Last week, Dan Jamison and I were invited to help facilitate the Mid-Valley Boys and Girls Club staff retreat in Lincoln City. This Boys and Girls Club serves kids in the Mid-Willamette Valley area within the Albany, Sweet Home and Lebanon school districts and provides a fun, safe and supervised environment for recreational and educational activities. Dan and I were particularly excited about this retreat because Albany and Lebanon happen to be two of our 18 CLASS districts.
Chalkboard was invited to this retreat to provide the Boys and Girls Club with an introduction to the CLASS Project, share current state and federal education policy issues, and also provide a snapshot of some of Oregon’s student data. And we were happy to join, always wanting to build our outreach and share important education-related information with communities throughout the state. This was also a great opportunity for the Boys and Girls Club staff to gain a better understanding of what’s going on with the students and teachers within their school districts—particularly those involved in CLASS.
It also wasn’t hard to say yes to a day at the coast, in Lincoln City where the retreat was held. The day promised to be full of hard work, creative thinking, and a bit of an ocean breeze. And after teaching for 32 years in Albany and serving as a principal at all three levels in the Greater Albany School District, Dan was excited to engage with the club. He even ran into some of his former students!
CHALKBOARD NOTE: Our President, Sue Hildick, worked closely with Senator Hatfield in the early years of her career. A version of this tribute first appeared on PSU’s Center for Woman, Politics and Policy’s website soon after his death last month. There will be a public tribute to Sen. Hatfield’s life and work later this month at the State Capitol in Salem. Find out more details and read more remembrances on the PSU Center for Public Service memorial site.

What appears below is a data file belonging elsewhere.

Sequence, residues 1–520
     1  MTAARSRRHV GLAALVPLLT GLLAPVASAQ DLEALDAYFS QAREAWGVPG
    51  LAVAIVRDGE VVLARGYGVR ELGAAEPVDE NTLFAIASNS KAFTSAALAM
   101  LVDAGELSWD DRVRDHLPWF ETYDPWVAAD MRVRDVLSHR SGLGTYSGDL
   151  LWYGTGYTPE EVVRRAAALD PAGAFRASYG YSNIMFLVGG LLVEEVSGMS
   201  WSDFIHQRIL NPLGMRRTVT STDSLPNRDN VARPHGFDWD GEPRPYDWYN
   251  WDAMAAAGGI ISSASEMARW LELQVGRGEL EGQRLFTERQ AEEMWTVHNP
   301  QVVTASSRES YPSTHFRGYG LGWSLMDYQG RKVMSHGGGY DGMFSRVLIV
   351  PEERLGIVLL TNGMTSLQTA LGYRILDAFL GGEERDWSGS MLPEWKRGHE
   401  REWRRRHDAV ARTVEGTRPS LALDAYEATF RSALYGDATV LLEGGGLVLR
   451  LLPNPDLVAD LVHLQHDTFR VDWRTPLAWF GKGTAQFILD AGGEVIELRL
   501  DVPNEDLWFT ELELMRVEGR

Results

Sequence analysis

Although we lost one of Oregon’s greatest statesmen on August 7, I have been missing Senator Mark O. Hatfield for a number of years. He was my first employer and greatest teacher of my professional career.
For those of us who had a calling to work in Washington, D.C., Oregonians could find an oasis on the seventh floor of the Hart Building. It was a classroom. A museum. A place of hard work and difficult decisions. Most importantly, it was a home for Oregonians who wanted to do good things for their beloved state.
At the age of 26, I was asked to serve as his legislative director; at the time, he was the second most senior Republican on the Hill. I told the Senator that I wasn’t sure I could handle the responsibility and he said, “Don’t worry. We’ll do it together.” He had so much confidence in the people who worked for him and always brought out the best in all of us—an important quality of a great leader.
Pictured: Sue Hildick (upper left) and Senator Hatfield (lower right) and staff in his Hart building office on Capitol Hill in 1995.